Summary: You became a vegetarian by choice. Perhaps your children should have that same choice.
I first tried being a vegetarian during my senior year of high school in 1984. I was living in Mesa Arizona at the time: a place of extremely wide, straight, flat streets punctuated by strip malls with names like “Poca Fiesta”, “Fiesta Village” and “Fiesta Mall” (I swear I’m not making this up!) I lived in a planned community called Saratoga Lakes in the Dobson Ranch area which was literally a cattle ranch back in the day before it was paved over with suburbia. So just about everything around me (my home, my school, shopping centers, parks, streets, etc) was less than twenty years old and most of it less than ten years old. My entire neighborhood and school district was less than 7 years old.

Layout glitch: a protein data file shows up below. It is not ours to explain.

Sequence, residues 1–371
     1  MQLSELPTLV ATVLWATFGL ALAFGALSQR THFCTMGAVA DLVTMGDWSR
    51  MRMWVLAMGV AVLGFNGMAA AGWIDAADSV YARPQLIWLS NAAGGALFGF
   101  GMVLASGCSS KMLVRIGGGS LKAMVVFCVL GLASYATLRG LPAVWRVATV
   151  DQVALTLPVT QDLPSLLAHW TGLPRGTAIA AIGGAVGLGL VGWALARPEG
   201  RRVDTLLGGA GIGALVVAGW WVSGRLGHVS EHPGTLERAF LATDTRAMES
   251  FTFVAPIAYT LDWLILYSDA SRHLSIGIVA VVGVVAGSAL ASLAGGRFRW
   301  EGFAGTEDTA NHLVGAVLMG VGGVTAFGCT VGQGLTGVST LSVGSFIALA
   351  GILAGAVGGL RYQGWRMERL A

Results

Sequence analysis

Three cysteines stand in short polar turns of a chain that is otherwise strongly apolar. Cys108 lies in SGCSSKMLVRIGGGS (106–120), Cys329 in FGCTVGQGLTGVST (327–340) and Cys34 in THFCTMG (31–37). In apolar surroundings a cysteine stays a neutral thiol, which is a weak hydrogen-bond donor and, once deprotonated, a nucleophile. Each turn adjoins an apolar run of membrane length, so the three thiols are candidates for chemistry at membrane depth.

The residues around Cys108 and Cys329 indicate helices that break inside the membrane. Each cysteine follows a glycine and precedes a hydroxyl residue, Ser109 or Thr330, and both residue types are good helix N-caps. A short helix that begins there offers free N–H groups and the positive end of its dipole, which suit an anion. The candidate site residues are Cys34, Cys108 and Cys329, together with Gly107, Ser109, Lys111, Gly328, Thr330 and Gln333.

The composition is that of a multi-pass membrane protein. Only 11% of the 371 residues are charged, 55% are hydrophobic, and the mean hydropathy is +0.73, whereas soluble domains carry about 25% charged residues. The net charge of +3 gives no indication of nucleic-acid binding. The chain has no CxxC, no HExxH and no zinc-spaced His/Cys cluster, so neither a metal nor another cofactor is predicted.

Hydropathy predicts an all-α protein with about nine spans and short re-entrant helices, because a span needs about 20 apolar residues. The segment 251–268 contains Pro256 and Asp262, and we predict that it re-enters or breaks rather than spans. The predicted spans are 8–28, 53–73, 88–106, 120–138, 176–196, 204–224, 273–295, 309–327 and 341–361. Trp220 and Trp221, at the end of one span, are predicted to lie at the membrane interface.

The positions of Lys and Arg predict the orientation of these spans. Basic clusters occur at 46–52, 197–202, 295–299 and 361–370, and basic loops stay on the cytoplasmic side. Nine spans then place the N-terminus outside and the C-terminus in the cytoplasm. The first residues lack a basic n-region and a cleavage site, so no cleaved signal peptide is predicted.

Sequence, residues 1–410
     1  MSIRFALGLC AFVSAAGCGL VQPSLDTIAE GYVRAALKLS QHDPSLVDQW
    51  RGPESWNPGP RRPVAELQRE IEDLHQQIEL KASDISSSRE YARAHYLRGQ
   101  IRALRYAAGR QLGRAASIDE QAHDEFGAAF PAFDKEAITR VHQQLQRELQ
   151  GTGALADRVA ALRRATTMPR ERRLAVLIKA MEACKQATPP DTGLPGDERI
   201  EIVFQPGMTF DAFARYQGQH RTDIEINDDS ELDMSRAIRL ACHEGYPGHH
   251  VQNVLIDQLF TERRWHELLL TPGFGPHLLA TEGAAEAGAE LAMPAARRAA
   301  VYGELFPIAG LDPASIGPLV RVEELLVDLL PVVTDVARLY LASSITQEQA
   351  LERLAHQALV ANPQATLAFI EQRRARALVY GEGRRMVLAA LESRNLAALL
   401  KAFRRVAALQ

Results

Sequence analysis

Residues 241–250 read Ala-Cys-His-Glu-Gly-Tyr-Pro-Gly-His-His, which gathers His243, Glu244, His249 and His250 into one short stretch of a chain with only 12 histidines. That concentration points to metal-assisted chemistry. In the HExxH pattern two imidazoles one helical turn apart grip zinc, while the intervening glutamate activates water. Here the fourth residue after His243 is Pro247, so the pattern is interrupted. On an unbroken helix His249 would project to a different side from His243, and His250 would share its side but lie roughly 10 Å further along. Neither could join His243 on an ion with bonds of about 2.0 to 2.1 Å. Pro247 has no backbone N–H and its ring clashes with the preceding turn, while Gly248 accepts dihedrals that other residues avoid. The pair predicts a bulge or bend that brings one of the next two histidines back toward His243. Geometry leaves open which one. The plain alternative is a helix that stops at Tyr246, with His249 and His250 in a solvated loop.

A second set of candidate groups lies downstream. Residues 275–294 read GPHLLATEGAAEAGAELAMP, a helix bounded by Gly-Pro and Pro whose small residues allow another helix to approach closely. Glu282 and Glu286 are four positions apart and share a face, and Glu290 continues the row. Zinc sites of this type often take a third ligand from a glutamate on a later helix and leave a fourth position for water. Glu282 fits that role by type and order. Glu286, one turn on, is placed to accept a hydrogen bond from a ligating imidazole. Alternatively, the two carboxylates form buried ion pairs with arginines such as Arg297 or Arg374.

We had very few “local” businesses. Pretty much everything was a chain store. Natural food stores just simply didn’t exist anywhere in the valley. Same with vegetarian restaurants.
My reasons for trying vegetarianism were not related to any moral or ethical issues about killing and eating animals. I didn’t then, and I still don’t now, have any ethical problems with the killing of animals for food as long as the animals are raised in healthy humane conditions and their deaths are as quick and trauma free as possible. No, my reason for trying vegetarianism was a quest for better health. Over the years I had noticed a pattern. Eat meat, get heartburn. Not always, but it was the only food that repeatedly caused problems. So why did it take me seventeen years to notice this pattern and do something about it. Conditioning is the culprit. Continue reading